Since our first national park camping trip in 2010, we’ve learned a few things about outdoor gear. Our #parkchasing gear has grown from hand-me-downs to must-haves in the nearly 10 years we’ve traveled together. When buying gear we look for affordability and durability. Our gear shouldn’t cost us a fortune, but should last through every park on our list. This page has our current #parkchasing gear with info about what we love and what we don’t. Note: Some of the links to these gear items are affiliate links. A portion of purchases from these links and from Amazon.com help fund more #parkchasing. We appreciate your support and rely on it to continue our adventures!
TENT & SLEEPING GEAR
EATING & DRINKING
Our GSI cookware set has been a staple in our camping gear since 2010. We love how they collapse together for compact storage and how the 4 person set gives us some flexibility in cooking for ourselves or a larger group.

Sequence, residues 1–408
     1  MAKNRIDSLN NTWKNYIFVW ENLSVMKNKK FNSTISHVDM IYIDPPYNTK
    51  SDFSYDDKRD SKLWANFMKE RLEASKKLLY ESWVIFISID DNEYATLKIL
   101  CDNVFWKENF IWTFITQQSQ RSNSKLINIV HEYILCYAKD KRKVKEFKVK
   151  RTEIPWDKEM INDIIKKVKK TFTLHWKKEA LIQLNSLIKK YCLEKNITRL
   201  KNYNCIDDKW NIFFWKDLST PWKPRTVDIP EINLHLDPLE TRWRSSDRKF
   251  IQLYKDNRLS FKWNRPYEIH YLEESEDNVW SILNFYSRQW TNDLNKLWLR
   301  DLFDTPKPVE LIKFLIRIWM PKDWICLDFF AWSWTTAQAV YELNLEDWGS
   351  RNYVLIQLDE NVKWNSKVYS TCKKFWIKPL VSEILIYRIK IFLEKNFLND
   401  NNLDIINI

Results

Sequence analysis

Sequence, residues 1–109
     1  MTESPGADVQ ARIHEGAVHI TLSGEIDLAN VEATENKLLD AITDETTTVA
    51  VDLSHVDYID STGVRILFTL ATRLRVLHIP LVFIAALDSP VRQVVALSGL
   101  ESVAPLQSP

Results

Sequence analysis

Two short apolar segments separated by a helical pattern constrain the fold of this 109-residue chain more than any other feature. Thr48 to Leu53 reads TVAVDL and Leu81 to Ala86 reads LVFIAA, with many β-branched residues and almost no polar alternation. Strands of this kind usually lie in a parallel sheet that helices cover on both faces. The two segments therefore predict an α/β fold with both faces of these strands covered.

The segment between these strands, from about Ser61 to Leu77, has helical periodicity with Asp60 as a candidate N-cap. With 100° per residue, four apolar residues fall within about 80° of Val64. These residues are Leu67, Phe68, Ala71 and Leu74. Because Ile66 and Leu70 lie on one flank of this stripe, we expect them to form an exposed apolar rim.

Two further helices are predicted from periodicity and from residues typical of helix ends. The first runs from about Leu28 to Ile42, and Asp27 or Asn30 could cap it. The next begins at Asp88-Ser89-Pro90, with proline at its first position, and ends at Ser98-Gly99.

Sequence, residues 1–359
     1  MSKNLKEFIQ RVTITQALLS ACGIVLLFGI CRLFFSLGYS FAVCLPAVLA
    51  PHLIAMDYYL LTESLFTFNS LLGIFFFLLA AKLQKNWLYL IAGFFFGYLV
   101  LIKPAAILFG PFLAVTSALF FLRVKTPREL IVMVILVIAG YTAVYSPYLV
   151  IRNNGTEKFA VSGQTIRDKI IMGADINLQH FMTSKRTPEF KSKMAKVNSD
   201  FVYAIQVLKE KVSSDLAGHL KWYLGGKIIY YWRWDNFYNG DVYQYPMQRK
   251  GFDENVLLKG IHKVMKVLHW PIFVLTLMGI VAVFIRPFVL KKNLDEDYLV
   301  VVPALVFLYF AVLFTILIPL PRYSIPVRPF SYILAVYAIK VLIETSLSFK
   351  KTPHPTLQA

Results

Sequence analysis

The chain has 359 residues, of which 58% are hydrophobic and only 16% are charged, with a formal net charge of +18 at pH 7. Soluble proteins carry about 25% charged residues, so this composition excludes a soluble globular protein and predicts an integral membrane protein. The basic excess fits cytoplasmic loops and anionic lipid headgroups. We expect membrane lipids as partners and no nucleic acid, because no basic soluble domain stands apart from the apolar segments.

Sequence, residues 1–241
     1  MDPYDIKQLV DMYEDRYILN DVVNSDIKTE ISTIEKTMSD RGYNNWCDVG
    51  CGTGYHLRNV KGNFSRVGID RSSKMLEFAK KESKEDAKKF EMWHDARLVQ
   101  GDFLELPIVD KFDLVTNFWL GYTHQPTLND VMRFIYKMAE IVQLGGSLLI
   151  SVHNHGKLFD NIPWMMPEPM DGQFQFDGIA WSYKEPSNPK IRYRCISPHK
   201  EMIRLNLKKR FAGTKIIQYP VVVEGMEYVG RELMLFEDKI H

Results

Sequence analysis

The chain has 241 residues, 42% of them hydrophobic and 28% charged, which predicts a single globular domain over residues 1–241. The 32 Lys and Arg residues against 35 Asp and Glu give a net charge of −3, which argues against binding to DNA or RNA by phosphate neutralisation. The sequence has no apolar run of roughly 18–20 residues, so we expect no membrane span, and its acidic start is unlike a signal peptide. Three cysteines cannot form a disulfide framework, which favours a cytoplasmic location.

We are by no means experts on choosing a camping stove set up. Every trip is different and your needs for fuel will be too. But we’ve gotten by with an ultralight burner and ISOPRO fuel canisters for years without any issues
The Katadyn water filtration bottles are the latest gear items added to our list, a gift in 2017. After research on what works the best for front country weekends and backcountry travels, we decided on the Katadyn system
GADGETS & ELECTRONICS
All the photos on our site are taken with either an iPhone or Canon EOS Rebel T5i. We’ve schlepped camera through Denali and up Mount Katahdin in Maine and captured some amazing memories on our trips.
When Big Agnes released this attachment for our tent, we jumped on the option for a space to keep our electronics dry and safe in the tent. It’s lightweight, includes & extra set of battery-powered LED lights for tent.
We spent the first three years camping without headlamps. Big mistake. Some friends introduced us to them on a rainy camping trip in Olympic National Park and we were hooked.
OTHER PARKCHASING GEAR
We purchased our Osprey packs on our first trip to Glacier National Park in 2010. They’ve been with us ever since. Greg carries the Kestrel 48 and Amy carries the Kestrel 38.
REI Flexlite Macro Chair When you start bringing camping gear on the airplane, one of the first hiccups is how to pack a camp chair. No suitcase can fit those extra long bag chairs to sit by the campfire.
Lot of people have asked us how we manage to get all our camping gear in a 50 lb. suitcase to fly on an airplane. It would not be possible without these Sea to Summit compression sacks.